A accident was avoided near Port Huron, Michigan, thanks to a series of alarm horns from Canada’s bulk carrier Cuyahoga making a rapid turn towards the bridge and a last-minute move by the sail boat. This video serves as a stark reminder of how deadly the St. Clair River’s mouth can be. With such a powerful river, unbound vessels like the Cuyahoga must travel at nearly full speed just to keep up with the current and make some tight turns. It’s easy to see how there were so many collisions over the years, especially when there were even more vessels navigating the waterways.
The St. Clair River is a 40.5-mile-long (65.2-kilometer) river in central North America that flows from Lake Huron to Lake St. Clair, constituting part of the international border between Ontario, Canada, and Michigan, United States. The river is an important part of the Great Lakes Waterway, which allows cargo ships to move between the upper and lower Great Lakes via shipping channels.
The river, which some regard as a strait, travels in a southerly direction, linking Lake Huron’s southern end to Lake St. Clair’s northern end. Near its mouth in Lake St. Clair, it splits into multiple channels, forming the St. Clair Flats, a large delta region. The river, like a strait, acts as a narrow waterway that connects two bigger bodies of water. From Lake Huron to Lake St. Clair, the height declines 5 feet (2 metres). The average flow rate is 182,000 cubic feet per second (5,200 m3/s), with a drainage area of 223,600 square miles (579,000 km2) which includes the combined drainage regions of Lakes Huron, Michigan, and Superior.
Back in the Day
French voyageurs and coureurs des bois sailed the river in the 18th century to trade with the Ojibwa and other nearby Native Americans to deliver furs in canoes to major French and British trading posts, such as Fort Detroit, which was erected in 1701 below Lake St. Clair. Until the 1830s, European demand for American furs, particularly beaver, was great.
Wooden ships built in Port Huron and Marine City, Michigan, ferried immigrants up the river and west through the upper Great Lakes on their route to new homes in the American West during the mid-nineteenth century and beyond. Log rafts were used to transport lumber harvested on Michigan’s Thumb downriver to Detroit for processing and export.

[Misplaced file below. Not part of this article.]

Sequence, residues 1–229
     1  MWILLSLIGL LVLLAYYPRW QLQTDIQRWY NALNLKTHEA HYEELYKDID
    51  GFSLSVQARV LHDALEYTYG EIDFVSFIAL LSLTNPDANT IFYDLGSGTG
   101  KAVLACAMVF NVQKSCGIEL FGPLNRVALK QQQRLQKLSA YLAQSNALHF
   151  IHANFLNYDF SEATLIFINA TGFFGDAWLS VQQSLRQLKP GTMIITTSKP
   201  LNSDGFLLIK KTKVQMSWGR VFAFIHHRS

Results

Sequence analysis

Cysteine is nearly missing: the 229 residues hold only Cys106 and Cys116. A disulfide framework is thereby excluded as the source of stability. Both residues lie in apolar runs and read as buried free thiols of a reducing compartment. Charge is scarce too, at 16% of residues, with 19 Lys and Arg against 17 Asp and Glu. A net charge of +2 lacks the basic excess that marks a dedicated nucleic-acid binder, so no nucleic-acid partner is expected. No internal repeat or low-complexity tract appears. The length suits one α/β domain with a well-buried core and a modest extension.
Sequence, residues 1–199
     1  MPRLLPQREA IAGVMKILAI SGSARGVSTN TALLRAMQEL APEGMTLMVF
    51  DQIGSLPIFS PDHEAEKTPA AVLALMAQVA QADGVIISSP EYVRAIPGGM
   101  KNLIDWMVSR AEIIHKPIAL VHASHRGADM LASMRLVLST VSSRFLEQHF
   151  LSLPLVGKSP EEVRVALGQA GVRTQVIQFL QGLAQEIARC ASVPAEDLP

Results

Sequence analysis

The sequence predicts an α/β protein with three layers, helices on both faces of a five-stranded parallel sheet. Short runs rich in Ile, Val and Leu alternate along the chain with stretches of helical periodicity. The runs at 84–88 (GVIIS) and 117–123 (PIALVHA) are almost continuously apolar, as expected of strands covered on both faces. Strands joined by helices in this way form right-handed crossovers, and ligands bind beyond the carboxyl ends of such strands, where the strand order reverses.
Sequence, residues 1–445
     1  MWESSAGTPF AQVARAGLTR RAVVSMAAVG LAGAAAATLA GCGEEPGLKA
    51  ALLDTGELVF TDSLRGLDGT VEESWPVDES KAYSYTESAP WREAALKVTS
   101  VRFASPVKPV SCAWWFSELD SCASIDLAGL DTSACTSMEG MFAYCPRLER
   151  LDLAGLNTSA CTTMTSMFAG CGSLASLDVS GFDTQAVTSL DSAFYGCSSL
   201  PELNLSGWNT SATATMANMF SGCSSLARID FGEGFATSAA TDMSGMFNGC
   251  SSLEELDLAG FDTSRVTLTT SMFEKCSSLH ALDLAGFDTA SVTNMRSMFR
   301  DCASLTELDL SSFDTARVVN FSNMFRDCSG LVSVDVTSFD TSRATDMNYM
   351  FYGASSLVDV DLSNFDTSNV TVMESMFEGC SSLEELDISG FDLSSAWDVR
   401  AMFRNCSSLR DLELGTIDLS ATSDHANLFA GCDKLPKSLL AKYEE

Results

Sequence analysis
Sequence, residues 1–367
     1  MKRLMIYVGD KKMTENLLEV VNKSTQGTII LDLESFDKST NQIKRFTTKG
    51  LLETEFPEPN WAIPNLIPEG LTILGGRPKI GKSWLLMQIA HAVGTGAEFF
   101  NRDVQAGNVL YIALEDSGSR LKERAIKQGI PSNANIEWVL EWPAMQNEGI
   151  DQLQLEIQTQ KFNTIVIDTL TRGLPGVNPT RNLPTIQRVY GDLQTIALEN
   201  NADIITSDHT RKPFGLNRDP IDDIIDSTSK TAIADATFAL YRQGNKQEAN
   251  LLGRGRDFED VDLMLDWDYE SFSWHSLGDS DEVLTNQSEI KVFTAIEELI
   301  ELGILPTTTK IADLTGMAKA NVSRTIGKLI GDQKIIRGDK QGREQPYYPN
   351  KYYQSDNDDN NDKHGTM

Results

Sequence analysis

Lake steamers carried passengers and travelled between tiny communities along the St. Clair and Detroit rivers, as well as around the Great Lakes, in the early twentieth century. Lake freighters, increasingly made of steel, cruised throughout the Great Lakes during the twentieth century, bringing commodities such as iron ore from the Mesabi Range, copper, and grain, all of which were the result of settlers’ labour. Grain was frequently sent through to large eastern markets such as Cleveland and New York City, while iron was taken to Ashtabula, Ohio and other industrial cities for processing and steel fabrication.
On both sides of the St. Clair River, much of the shoreline is urbanized and heavily industrialized. At the northern end of the river, intensive development has occurred in and near the neighbouring communities of Port Huron, Michigan, and Sarnia, Ontario. South of Sarnia, the most dense concentration of industry, including a massive petrochemical complex, may be found along the Ontario shore. Sarnia was founded as a fur trade center in the past.
The St. Clair River is a binational Area of Concern (AOC) that straddles the US-Canada border. An AOC is a section of the Great Lakes that has been ravaged by environmental degradation. Conventional pollutants such as microorganisms, heavy metals, toxic organics, contaminated sediment, fish consumption advisories, damaged animal and plant life, and beach closures made the St. Clair River an AOC.
Video Posted Originally @ Great Lakes Ship Watchers On Facebook.